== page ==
Smith has Tennessee convictions that include drug possession, a driver's license violation and contraband in a penal institution.

Contact staff writer Todd South at or 423-757-6347. Follow him on Twitter @tsouthCTFP.

sunnubian posted:

Of course there are no White drug dealers or other criminals in Chattanooga. 

Largely White Opioid Epidemic Highlights Black Frustration

Of all deaths in 2015 from opioid and heroin overdoses in Tennessee and nationwide, about 90 percent of the people were white.


By KEVIN McKENZIE, The Commercial Appeal

MEMPHIS, Tenn. (AP) — The circle of patients gathered for group therapy at a doctor's family practice in McKenzie could well represent the face of the state's opioid epidemic.

They were in a small city in a rural county, fertile ground for prescription drug addiction, though they traveled from as far as Nashville and Missouri. They were young or middle-aged and ranged from blue-collar workers to businesspeople. They said painkillers prescribed after accidents or injuries paved the way to their dependence on opioids.

They also were all white.

Of all deaths in 2015 from opioid and heroin overdoses in Tennessee and nationwide, about 90 percent of the people were white.


Black people accounted for little more than 6 percent in Tennessee and 8 percent across the country, according to U.S. Centers for Disease Control and Prevention data.

Among African-Americans critical of the modern drug war launched four decades ago by President Richard Nixon, the fact that the opioid epidemic is primarily striking the majority race helps explain why it is largely being called an epidemic and treated as a public health crisis, rather than a war.

"Look at the inner city, it's always been what we consider an epidemic," said the Rev. Ralph White, pastor of Bloomfield Full Gospel Baptist Church in Memphis.

"If this had been the case in other areas, the community would have been crying out long ago," White said. "But now that it's taking the lives of European Americans, we find that it's at a time of crisis."

Michael Eric Dyson, a Georgetown University sociology professor as well as minister and author, offered a similar view after an appearance in February at the University of Memphis.


"White brothers and sisters have been medicalized in terms of their trauma and addiction. Black and brown people have been criminalized for their trauma and addiction," said Dyson, whose latest book is "Tears We Cannot Stop: A Sermon to White America."

Doctors and other health care professionals certainly are calling for a health care-led response to the opioid epidemic.

Their strategies include curbing use of painkillers like oxycodone, making wider use of medications to treat opioid dependence as a chronic disease, and increasing mental health services and therapy to attack root causes of addictions.

"I would say the good news in Tennessee is that the number of narcotic units prescribed has gone down by almost half," said Dr. Daniel Sumrok, the physician treating patients at his practice in McKenzie, a West Tennessee city with a population of more than 5,500 about 130 miles northeast of Memphis.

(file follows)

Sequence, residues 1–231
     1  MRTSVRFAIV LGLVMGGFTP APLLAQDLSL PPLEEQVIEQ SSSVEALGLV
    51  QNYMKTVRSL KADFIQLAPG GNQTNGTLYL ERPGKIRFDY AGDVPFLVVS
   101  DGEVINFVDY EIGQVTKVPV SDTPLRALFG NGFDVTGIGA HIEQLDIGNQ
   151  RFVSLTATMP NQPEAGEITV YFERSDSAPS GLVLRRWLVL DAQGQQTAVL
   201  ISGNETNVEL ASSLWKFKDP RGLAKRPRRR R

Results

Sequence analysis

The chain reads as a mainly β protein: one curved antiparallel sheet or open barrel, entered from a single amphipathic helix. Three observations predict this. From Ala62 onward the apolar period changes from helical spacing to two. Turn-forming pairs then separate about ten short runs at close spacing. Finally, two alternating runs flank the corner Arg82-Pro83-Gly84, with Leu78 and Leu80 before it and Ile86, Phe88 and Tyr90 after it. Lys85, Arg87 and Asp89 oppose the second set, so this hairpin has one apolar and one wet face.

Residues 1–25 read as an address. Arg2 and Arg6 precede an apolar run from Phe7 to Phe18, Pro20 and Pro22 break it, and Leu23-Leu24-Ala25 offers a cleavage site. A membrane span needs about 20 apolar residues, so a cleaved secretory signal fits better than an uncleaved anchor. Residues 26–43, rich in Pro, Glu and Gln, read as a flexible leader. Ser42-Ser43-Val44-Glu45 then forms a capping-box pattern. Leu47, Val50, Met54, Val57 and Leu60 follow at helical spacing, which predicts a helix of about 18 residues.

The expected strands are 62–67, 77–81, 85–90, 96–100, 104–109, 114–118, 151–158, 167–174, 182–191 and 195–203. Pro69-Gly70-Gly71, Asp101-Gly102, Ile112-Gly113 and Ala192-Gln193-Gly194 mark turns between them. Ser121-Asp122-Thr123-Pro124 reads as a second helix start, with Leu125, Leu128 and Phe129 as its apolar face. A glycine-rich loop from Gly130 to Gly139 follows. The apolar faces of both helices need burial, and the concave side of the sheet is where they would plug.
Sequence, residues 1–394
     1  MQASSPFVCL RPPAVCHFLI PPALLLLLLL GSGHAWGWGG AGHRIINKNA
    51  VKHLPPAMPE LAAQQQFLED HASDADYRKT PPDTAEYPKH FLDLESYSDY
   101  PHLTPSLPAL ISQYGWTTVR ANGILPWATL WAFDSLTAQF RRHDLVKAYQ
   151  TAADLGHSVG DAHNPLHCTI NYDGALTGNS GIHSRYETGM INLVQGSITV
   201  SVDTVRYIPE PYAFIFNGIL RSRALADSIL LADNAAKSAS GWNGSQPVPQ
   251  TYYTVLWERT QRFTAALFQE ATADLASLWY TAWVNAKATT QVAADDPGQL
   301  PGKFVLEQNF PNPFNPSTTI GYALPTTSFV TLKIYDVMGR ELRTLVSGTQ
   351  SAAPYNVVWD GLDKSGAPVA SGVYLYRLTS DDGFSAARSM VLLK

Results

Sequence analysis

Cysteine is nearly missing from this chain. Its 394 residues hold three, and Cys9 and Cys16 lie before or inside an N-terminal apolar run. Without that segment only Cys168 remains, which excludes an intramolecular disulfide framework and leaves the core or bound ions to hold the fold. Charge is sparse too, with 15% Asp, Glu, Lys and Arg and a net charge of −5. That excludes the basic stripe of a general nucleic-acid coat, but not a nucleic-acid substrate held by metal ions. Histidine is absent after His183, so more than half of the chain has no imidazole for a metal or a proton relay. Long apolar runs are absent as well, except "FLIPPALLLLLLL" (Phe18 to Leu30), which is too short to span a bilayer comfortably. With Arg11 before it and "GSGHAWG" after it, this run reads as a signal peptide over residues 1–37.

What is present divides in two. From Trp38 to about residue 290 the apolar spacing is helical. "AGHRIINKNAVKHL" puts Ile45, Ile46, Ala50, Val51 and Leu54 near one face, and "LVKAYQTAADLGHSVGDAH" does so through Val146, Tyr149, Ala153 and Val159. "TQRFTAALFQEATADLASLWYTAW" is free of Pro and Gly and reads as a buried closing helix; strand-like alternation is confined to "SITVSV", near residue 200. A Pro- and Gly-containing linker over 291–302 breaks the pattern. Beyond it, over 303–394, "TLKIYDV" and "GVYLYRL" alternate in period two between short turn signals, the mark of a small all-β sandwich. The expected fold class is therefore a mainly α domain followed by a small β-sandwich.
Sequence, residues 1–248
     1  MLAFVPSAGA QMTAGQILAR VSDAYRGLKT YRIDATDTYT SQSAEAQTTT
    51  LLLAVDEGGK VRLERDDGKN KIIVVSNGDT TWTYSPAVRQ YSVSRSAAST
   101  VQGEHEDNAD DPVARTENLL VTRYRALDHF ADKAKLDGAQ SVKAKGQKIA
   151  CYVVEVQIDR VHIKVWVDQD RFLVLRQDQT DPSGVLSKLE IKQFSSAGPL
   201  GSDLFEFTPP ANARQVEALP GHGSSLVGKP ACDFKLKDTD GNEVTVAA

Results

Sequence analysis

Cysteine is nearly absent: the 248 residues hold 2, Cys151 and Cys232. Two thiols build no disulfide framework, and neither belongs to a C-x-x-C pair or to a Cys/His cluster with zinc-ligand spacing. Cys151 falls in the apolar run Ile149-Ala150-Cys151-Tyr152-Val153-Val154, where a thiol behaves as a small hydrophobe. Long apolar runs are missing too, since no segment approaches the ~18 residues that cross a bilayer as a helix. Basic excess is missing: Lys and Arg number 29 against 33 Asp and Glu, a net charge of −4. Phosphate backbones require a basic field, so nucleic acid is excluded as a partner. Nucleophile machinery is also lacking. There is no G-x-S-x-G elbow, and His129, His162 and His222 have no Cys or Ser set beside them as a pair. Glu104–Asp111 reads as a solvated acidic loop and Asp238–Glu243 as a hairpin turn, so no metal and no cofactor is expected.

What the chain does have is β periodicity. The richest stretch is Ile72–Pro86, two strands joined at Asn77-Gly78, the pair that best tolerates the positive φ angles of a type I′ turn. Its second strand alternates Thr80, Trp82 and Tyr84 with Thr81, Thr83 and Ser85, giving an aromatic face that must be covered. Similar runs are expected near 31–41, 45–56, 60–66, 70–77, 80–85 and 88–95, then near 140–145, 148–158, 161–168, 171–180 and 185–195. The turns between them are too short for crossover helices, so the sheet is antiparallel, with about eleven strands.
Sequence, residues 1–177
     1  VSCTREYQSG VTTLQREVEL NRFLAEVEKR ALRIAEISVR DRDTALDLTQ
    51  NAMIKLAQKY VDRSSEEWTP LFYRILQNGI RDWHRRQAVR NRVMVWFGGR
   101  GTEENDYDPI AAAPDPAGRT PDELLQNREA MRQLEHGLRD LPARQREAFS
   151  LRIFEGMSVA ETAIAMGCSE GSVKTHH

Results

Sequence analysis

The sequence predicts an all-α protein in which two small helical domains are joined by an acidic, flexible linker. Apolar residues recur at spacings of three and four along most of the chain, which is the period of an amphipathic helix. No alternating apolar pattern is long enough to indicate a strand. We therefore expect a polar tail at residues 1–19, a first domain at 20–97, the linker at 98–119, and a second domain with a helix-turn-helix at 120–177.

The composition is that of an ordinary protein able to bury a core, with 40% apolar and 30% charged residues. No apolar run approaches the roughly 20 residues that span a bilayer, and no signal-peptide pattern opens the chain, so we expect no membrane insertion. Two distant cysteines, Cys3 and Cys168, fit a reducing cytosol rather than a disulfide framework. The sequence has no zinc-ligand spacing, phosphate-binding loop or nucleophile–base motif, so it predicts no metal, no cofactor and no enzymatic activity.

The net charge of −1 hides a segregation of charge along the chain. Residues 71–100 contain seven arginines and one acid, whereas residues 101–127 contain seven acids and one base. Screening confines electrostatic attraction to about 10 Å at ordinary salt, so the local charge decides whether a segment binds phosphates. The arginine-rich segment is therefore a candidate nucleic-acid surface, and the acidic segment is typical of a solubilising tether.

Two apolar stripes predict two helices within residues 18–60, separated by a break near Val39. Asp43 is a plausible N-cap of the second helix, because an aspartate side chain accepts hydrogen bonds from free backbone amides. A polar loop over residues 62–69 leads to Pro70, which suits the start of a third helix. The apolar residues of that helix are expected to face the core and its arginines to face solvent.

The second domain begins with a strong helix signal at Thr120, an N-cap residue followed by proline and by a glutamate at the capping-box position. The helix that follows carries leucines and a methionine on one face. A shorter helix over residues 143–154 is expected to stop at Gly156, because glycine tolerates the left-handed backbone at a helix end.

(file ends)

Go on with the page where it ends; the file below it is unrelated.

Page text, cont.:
"The bad news is that overdose deaths have gone up and oxycodone has gone up," said Sumrok, also director of the Center for Addiction Science at the University of Tennessee Health Science Center based in Memphis.

Ironically, physician under-treatment of pain for black patients may have helped prevent higher opioid addiction among African-Americans, experts and studies suggest.

Sumrok and other health care professionals are careful not to paint the current drug crisis in terms of rich or poor, urban or rural, black or white.

"My patients are district attorneys and teachers and nurses and doctors," he said. "They're not what you might think of as a TV bum; they're people who have real lives, real jobs, real families, real values who found themselves opiate dependent and need some help."


Still, when it comes to race, clear differences emerge.

The National Institutes of Health recently warned that yearly percent increases in deaths among white Americans ages 25 to 30 from 1999 to 2014 rose at rates comparable to the onset of the nation's AIDS epidemic or in Russia following the collapse of the Soviet Union. Premature deaths for African-American, Hispanic and Asian and Pacific Islanders continued to decline.

Drug overdoses, suicide and liver disease are stoking the alarming rise in premature accidental white deaths, as well as among American Indians and Alaskan natives, the study found.

"In high-income countries you expect us to make progress over time, you expect the death rate to decrease, you expect life expectancy to increase," said Meredith Shiels, a National Cancer Institute researcher and lead author of the study. "So when something comes in and reverses that, and suddenly the mortality rate is increasing in any given group, that's an alarm that there is something very serious and epidemic going on," Shiels said.

Statewide statistics for the Tennessee Department of Mental Health and Substance Abuse Services point to differences between the illegal drugs by race.

For 2015, white Tennesseans made up 89.5 percent of 839 people treated primarily for heroin and 95 percent of 4,071 treated for prescription opioids, according to the department.